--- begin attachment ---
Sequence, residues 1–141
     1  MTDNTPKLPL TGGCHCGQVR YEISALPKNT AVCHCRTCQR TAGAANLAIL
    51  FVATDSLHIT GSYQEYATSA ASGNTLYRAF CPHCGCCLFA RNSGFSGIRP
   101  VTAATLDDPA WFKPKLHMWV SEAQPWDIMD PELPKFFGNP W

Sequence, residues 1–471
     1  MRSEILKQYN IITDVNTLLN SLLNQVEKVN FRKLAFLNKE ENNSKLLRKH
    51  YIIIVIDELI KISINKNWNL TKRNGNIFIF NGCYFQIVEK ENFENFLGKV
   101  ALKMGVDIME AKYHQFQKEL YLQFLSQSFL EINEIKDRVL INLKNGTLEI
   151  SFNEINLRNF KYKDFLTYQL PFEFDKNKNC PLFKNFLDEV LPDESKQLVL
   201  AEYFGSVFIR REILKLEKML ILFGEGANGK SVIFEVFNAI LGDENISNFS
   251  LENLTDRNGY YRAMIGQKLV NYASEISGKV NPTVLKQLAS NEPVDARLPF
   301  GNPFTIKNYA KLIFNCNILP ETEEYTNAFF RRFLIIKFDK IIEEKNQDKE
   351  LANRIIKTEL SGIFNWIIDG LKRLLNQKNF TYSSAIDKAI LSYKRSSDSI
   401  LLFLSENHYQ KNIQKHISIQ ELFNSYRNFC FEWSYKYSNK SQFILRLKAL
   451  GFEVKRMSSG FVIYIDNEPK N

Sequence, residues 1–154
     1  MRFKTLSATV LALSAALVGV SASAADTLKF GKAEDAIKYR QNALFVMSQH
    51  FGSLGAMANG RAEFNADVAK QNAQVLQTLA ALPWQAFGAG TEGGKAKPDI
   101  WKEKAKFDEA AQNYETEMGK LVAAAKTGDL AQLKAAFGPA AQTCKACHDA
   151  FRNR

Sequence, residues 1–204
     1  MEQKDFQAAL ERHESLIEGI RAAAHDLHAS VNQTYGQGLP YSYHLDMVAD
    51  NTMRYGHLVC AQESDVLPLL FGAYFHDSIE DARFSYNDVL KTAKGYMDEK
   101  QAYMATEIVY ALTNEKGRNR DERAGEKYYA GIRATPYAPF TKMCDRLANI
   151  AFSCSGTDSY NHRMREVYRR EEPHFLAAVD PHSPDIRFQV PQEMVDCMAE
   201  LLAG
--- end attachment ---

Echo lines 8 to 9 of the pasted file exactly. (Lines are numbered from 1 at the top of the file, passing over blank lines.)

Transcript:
   101  ALKMGVDIME AKYHQFQKEL YLQFLSQSFL EINEIKDRVL INLKNGTLEI
   151  SFNEINLRNF KYKDFLTYQL PFEFDKNKNC PLFKNFLDEV LPDESKQLVL